This week lawyers for heirs to the estates of Bud Abbott and Lou Costello filed a lawsuit in New York against the author and producers of Hand To God, claiming that the show — a Tony nominee for best play and four other awards at tomorrow night’s ceremony — violated the copyright protection of “Who’s On First?” by using the famed routine without permission. They’re suing for damages. Lead producer Kevin McCollum and his lawyers countered that the bit is in the public domain and even if it’s not, the use of several lines from the sketch falls under the doctrine of fair use.
Both sides claim the high moral ground: The heirs assert that being a brash, original work of art doesn’t give you the right to steal someone else’s original work of art. They also point out that a YouTube video of the routine from the play is being used to promote the show commercially. McCollum asserts that he’s all about original work, doesn’t steal, and the use of a fragment of “Who’s On First?” is “transformative,” the legal term for fair use of copyrighted material when it’s put to a different use than the original — for example, as in a satire or critical work.
So who’s right?
In the interest of research and fair play, I returned to Hand To God on Friday night to refresh my own memory about the use of “Who’s On First?” in the show. (I realize that having to revisit Broadway shows is dirty business, but I always knew some grueling work would come my way.) I’m a champion of the play, as my earlier review already made clear, and a second viewing didn’t change my opinion. The packed house at the Booth Theatre also seemed to be loving it, though there were a few walkouts. Frankly, I see that as a good sign: If satire doesn’t offend at least some people, it isn’t doing its job.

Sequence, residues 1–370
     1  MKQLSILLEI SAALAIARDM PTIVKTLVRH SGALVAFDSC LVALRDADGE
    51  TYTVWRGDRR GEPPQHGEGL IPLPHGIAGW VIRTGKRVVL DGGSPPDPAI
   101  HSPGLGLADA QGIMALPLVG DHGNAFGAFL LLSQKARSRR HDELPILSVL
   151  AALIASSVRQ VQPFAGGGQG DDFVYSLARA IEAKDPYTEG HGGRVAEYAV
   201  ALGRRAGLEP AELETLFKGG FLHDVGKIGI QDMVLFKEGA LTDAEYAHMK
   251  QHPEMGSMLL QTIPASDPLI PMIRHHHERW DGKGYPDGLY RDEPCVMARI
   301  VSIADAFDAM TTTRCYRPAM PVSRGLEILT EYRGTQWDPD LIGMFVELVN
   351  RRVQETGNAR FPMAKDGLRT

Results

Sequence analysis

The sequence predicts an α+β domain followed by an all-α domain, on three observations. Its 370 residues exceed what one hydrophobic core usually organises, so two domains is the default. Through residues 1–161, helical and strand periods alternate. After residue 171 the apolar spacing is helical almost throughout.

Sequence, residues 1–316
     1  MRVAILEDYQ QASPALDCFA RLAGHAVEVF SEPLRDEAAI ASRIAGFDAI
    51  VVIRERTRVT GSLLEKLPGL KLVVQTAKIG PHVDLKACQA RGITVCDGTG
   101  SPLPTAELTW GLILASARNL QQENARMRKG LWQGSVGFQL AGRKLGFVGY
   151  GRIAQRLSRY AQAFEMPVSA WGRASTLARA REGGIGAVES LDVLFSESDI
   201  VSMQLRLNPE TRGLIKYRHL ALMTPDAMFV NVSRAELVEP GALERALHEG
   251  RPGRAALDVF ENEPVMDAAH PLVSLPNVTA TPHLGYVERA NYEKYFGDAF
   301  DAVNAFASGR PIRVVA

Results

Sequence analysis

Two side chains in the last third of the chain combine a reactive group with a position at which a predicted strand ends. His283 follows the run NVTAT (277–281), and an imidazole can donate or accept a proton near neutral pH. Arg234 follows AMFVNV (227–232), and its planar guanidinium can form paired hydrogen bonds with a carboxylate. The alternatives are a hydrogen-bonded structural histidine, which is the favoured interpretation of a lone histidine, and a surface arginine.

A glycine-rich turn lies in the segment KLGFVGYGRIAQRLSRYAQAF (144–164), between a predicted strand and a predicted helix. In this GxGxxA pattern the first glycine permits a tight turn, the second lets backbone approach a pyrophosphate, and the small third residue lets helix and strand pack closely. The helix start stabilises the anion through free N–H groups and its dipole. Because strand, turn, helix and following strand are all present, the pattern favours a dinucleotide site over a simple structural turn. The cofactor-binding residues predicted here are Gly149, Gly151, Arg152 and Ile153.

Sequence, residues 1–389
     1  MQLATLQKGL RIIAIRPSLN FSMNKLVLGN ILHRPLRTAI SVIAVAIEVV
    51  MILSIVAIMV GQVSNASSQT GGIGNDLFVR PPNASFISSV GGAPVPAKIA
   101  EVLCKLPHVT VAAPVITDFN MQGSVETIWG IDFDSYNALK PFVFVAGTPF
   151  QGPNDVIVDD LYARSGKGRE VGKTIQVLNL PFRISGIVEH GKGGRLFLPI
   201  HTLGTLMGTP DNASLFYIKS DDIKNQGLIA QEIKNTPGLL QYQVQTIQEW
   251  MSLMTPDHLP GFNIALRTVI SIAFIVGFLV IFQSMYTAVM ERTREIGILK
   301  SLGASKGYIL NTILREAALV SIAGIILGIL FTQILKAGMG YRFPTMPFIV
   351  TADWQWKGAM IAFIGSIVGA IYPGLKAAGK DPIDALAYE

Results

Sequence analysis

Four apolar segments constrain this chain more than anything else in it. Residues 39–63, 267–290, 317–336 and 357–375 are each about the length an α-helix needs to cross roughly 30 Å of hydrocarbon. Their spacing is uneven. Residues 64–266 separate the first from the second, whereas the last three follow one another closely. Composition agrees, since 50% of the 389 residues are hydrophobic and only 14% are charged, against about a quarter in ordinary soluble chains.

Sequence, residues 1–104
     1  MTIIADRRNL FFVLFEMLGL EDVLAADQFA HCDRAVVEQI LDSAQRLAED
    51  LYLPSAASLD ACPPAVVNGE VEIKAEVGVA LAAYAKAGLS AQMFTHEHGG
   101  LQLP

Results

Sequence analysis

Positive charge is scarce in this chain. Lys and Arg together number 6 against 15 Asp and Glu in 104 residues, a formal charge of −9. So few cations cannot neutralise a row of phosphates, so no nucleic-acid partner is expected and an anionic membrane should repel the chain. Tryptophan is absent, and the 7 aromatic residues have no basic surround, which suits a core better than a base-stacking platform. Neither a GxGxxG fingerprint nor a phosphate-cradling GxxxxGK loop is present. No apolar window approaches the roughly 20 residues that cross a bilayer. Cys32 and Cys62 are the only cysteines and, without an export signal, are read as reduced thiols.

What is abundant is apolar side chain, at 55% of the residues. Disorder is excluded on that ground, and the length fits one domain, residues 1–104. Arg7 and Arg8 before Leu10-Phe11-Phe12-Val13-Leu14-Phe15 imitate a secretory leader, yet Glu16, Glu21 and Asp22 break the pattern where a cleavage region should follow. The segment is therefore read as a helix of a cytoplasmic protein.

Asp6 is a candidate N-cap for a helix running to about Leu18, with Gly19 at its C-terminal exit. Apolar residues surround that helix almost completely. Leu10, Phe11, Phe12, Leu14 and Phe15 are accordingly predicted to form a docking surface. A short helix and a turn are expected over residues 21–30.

As to the issue at hand, I can only say that I’m no lawyer but this suit by the descendants of Abbott & Costello strikes me as, to be kind, a nuisance of the first order. And, to be less, kind, as a money grab of a lower order.
Point: The section of “Who’s On First? used in Robert Askins’ comedy amounts to about 1 minute from the much longer routine. Point: It’s used as a culture touchstone and by a sad-sack insecure teen to impress a girl, who — a key issue — doesn’t even get the reference, an admission that draws the biggest laugh from the audience, when the boy at first tries to take credit for it. Point: The use of “Who’s On First?” is of a piece with the rest of the play and it strikes me as foolish to suggest it has a dominant impact on audience response — any more than, say, a later use, also satiric, of “You’ve Lost That Lovin’ Feeling.” I’m not aware of any suits brought by the Righteous Brothers against McCollum & Co. (Not yet, anyway.)
I may be mistaken in some of my Tony predictions for tomorrow night, but I’d bet hard currency that a judge will agree there’s no case here. If I’m wrong, I’ll just say the Devil made me do it.